Ahorn | Friday April 21st, 2017
RAKETE PERELMAN the title of Oliver Aluukas’ debut feature film, takes its name from a fictional artist collective out in the countryside of Brandenburg.
We meet them through the character of Jen, a young rebellious woman who, fed up with the bitchy attitude of her job in the fashion industry, sets fire to this year’s collection and sets out to escape into the safety of a free spirited artistic community. Or so she thinks.
Arriving in the midst of a crisis, the group is having to come to terms with the fact that living off the grid is not as easy as it sounds. They need to come up with a sizable amount of cash in order to hold on to their living and working space on state owned land. Their one source of income is a contract to perform at an upcoming community fair and feeling themselves under pressure, they decide to scrap their production of “A Midsummer Night’s Dream” in favor of something logistically simpler to produce, Ibsen’s “Hedda Gabler”. Logically, their first choice would have been way more appropriate for an outdoor fête but for the purposes of the movie, Ibsen’s collision of doomed relationships provides a more metaphoric vehicle.
We see life in the commune as a series of vignettes of work and play, fun and conflict, as people pair off, listen to music, go swimming, get drunk, take acid, argue over food, get mad at their kids, have lovers quarrels, try (and fail) to have meaningful discussions, and, of course, rehearse the play. Situations and background stories tend to come and go without any real introduction or resolution, and as one might expect, the mounting tensions explode during the performance of the play.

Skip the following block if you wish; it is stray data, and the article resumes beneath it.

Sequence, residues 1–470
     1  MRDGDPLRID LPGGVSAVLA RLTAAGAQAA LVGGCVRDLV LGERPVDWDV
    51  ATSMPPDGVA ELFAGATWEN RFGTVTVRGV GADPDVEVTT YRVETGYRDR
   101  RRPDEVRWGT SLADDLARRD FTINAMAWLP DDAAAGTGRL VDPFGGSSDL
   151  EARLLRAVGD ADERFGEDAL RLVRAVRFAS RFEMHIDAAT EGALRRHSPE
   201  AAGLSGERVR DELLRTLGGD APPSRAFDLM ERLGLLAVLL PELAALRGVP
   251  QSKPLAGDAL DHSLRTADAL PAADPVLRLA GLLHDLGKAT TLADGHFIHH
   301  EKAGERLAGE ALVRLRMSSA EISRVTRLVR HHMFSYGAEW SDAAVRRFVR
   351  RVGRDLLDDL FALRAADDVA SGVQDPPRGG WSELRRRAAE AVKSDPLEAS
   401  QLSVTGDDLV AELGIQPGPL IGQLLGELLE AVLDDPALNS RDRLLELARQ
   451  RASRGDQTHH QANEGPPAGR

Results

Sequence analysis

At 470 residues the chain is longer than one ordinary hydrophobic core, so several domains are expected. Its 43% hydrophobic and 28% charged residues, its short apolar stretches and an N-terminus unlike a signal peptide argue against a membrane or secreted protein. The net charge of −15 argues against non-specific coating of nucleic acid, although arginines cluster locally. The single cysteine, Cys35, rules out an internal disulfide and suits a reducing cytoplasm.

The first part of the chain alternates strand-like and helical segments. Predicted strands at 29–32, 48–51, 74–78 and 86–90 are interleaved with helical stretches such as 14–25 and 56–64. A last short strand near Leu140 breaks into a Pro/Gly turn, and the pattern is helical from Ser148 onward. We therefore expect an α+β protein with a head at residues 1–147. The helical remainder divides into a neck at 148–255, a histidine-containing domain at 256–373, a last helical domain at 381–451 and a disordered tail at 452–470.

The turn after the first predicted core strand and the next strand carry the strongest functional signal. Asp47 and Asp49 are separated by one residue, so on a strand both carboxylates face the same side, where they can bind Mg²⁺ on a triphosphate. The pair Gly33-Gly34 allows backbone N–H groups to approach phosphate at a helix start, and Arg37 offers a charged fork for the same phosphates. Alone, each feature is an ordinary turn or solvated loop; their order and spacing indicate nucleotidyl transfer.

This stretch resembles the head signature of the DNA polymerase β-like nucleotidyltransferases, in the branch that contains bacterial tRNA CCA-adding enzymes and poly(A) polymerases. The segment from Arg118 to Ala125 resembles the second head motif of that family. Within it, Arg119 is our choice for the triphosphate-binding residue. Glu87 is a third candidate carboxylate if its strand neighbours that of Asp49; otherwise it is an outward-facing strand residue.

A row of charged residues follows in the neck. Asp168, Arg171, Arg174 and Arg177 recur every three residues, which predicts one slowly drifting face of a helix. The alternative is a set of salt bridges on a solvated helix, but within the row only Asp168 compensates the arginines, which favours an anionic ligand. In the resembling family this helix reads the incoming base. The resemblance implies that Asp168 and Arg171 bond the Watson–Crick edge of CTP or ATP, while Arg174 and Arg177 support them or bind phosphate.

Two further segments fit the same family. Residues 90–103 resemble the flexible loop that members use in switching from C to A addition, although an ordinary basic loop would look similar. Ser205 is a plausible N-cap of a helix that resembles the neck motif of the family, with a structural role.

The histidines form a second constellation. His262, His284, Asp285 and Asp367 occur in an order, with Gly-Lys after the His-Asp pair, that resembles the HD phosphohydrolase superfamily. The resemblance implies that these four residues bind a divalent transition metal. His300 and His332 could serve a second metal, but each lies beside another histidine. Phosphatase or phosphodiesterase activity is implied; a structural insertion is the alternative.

The film means well but didn’t really come together for me. It was either too little development to do justice to the characters or too many little plots to function with the slice of life style of the movie. It seemed more like a sort of sketch book of ideas. That being said, I thought Liv Lisa Fries as Jen was a good focal point for the movie and I was surprised how much bigger she appeared on the screen than she seemed when she came up on stage at the end – clearly a strong on-camera presence.
Utopia always looks great but historically never quite works and in that sense the film certainly makes it’s point. This group of people who have all come together “to do what they want, the way they want it” finds that they might not be capable of doing either. As Tobias, the director of the play, tells his actors struggling with the conflicting logic of a scene, “We’re all afraid. We say one thing but we do something else.”
Andrew Horn, Berlin-based filmmaker (The Nomi Song, We Are Twisted Fucking Sister!, The Big Blue), producer (East Side Story) and writer, is on the look out for interesting – and not so interesting – movies at this year’s edition of Achtung Berlin – new berlin film award.
Films from past editions of the festival can be found in the Achtung Berlin channel on realeyz.de